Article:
I am the soil, the filaments of the roots, the cradle of the shade.
It’s my power to nurture, pouring love
Into the beauty I held inside me.
Anyone that claims, my nurturing a burden,
Masquerading their fear of my power,
Their reluctance to redefine their ideas about shame
Shame not me, as I breastfeed.
Shame you, you failed your soil.
Breastfeeding is beautiful. The mother holds her child so close to her bosom, pouring strength and resilience, exhibiting love as the child smells home. It is empowering.
There is unequivocal global consensus about the importance of breastfeeding infants, both for infant and maternal health. A policy statement from the American Academy of Pediatrics highlights that ‘breastfeeding and human milk are the normative standards for infant feeding and nutrition.’
The following image outlines the benefits of breast milk and breastfeeding:
According to the World Health Organization, if breastfeeding was adopted globally, it has the potential of saving the lives of about 8,20,000 children annually. Breast milk contains antibodies that provide resistance against the most common childhood illnesses such as diarrhoea and pneumonia, two major causes of child mortality worldwide. Further, research shows that adolescents who were breastfed as children are less likely to be obese and suffer from Type 2 diabetes.
As highlighted by the image, breastfeeding is beneficial for mothers too. Exclusive breastfeeding is a natural protection against pregnancy for six months, with a pregnancy prevention rate of 98%. Further, it also mitigates the risk of infliction of breast and ovarian cancer, Type 2 diabetes and postpartum depression, on mothers.
The American Academy of Pediatrics recommends that infants should be exclusively breastfed for the first six months of their life.
The following table highlights the differences in the composition of breast milk, animal milk and infant formula, in turn explaining why breast milk is healthier for infants compared to the available alternatives:
|Composition||Breast Milk||Animal Milk||Formula|
|Protein||Adequate amount, easily digested by infants.||Excessive proteins, difficult for infants to digest.||Present in almost adequate amount but not as readily digested as proteins in breast milk.|
|Fat||Essential fatty acids present and accompanied by lipase to digest it.||Lacks essential fatty acids; lipase absent.||Lacks essential fatty acids; lipase absent.|
|Iron||Adequate, well absorbed.||Adequate, but not well absorbed.||Excess and not well absorbed.|
|Vitamins||Adequate||Lack of vitamin A and C.||Present|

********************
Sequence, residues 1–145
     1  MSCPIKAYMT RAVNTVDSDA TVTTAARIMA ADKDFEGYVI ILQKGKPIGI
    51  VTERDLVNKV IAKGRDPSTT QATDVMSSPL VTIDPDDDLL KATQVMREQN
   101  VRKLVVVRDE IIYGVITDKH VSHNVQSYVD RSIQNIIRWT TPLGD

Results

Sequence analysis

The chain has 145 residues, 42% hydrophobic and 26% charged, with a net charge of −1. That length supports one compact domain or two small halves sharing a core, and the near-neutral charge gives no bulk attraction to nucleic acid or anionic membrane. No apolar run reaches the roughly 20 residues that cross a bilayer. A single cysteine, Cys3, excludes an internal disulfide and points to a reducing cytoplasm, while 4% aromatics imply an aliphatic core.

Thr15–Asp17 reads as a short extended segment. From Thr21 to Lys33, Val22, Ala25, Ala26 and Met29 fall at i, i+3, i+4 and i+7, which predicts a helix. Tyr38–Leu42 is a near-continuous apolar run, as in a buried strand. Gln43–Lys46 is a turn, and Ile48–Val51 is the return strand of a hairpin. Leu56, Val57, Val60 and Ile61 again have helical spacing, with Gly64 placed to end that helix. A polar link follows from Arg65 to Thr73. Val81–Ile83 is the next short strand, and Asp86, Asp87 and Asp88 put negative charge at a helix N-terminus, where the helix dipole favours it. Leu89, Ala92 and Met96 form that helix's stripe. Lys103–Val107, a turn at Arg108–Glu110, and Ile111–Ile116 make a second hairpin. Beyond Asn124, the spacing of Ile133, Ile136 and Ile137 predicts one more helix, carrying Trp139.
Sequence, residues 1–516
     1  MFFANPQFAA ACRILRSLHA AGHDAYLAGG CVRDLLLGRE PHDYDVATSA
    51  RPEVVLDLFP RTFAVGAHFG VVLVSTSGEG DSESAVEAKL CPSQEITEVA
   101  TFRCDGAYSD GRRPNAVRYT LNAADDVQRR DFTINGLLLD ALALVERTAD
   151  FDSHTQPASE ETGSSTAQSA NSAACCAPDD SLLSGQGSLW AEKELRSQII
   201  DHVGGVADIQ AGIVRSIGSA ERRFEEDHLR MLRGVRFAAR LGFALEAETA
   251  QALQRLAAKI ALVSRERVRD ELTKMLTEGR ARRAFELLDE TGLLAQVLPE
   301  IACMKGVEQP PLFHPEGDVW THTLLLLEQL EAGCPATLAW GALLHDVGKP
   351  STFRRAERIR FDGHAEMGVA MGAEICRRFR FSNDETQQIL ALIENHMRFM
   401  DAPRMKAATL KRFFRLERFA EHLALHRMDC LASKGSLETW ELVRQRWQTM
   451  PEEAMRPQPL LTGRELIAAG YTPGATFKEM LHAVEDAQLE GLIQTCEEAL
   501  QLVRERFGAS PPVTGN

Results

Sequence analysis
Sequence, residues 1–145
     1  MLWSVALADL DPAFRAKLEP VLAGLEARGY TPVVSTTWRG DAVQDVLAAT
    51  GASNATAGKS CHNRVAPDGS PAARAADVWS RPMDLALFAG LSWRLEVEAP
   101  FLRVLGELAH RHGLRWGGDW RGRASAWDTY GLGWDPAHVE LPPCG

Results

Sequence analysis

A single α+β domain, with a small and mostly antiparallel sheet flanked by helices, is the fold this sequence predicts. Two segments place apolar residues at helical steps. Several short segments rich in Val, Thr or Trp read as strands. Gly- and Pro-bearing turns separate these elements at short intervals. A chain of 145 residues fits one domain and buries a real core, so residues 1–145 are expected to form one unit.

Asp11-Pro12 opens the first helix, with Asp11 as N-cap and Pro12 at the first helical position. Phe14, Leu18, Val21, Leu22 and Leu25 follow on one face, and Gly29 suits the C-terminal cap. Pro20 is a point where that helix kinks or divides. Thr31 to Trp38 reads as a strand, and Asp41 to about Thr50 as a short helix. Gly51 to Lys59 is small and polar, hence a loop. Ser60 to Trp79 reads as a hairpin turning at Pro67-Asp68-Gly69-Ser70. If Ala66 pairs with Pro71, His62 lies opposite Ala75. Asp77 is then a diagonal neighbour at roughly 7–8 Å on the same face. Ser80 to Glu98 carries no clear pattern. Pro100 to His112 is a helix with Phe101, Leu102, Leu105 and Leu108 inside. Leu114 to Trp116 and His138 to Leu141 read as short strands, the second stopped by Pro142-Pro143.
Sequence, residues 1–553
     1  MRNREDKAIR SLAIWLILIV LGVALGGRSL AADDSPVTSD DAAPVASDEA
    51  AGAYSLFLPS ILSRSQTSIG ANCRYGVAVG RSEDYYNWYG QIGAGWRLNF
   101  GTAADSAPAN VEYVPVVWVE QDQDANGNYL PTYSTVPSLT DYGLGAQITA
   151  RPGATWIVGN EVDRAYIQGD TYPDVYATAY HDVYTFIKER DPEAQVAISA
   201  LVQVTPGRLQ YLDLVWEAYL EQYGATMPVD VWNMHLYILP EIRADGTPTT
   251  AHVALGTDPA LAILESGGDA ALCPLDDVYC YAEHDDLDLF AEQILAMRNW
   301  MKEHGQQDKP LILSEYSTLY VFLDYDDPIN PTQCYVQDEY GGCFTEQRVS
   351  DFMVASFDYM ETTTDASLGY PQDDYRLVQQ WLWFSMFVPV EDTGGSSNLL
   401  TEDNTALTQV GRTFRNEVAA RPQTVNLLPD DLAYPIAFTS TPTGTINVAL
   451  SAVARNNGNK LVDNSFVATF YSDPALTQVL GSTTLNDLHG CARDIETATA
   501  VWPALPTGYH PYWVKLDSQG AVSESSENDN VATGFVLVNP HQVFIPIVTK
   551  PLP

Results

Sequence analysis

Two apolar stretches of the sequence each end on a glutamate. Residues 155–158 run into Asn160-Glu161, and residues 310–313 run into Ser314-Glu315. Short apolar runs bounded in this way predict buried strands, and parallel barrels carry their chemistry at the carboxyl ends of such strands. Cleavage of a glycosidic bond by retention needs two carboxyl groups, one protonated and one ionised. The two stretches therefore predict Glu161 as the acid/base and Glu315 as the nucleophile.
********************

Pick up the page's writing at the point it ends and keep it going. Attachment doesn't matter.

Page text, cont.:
(Additionally, there is no risk of bacterial contamination of breast milk, which may infest animal milk and formula)
Source: World Health Organization
In spite of the remarkable advantages of breastfeeding and breastmilk over available alternatives, globally only 40% of infants are exclusively breastfed in the first six months of their lives. This statistic stands at less than 55% in India, where breastfeeding has been glorified by various ancient scriptures including the Vedas and Sushruta’s Samhita.
Seems preposterous, right?
A web of reasons centered around the idea of shame associated with women’s breasts provides an explanation. Breastfeeding is beautiful. It is empowering. Unfortunately, the veneer of shame that it is shrouded in, crumbles beauty into burden, power into vulnerability.
The idea of sexual appeal associated with breasts together with the assumption that it is incumbent upon a woman to ‘cover up’ and not ‘reveal’ her breasts in public, is so ingrained in the fabric of our society that breastfeeding in public is a taboo, partially because women feel shamed and partially because there wouldn’t be any paucity of demeaning criticisms and stares from people around.
Consequently, breastfeeding which is supposed to be so sacred both for the mother and the infant, ends up being an inconvenient, stressful part of a mother’s life. With the constant fear of being ‘seen’ and the shame accompanying the same, how is a mother supposed to feed a child while travelling or at her place of work or anywhere outside her house? More often than not, while travelling in long distance trains, I’ve seen families struggling to conceal the mother while she feeds her child. This is disempowering. It constricts the mobility of new mothers because public places like bus stops, railway stations and malls may not have private nursing rooms. Further, this also makes it difficult for them to return to work after pregnancy if offices don’t have safe, private spaces for mothers to breastfeed their children (which sadly is the case for most offices). Additionally, it compels mothers to remain silent and not seek help when they experience difficulties while breastfeeding, which can have dire consequences for the health of the infants and the mothers alike. Lack of open, fearless conversations around breastfeeding also breeds the spread of rumours and incomplete or misconstrued understanding about the process of breastfeeding, the appropriate posture and the benefits of the same. For instance, colostrum is rumoured in some rural areas to be ‘witch’s milk’ while the truth is that colostrum, which is the first secretion from the mammary glands after a mother gives birth, is rich in antibodies and is essential for the infant’s health. The rumour may have arisen from the fact that colostrum often doesn’t look like milk, it is thicker and may even be yellowish in colour.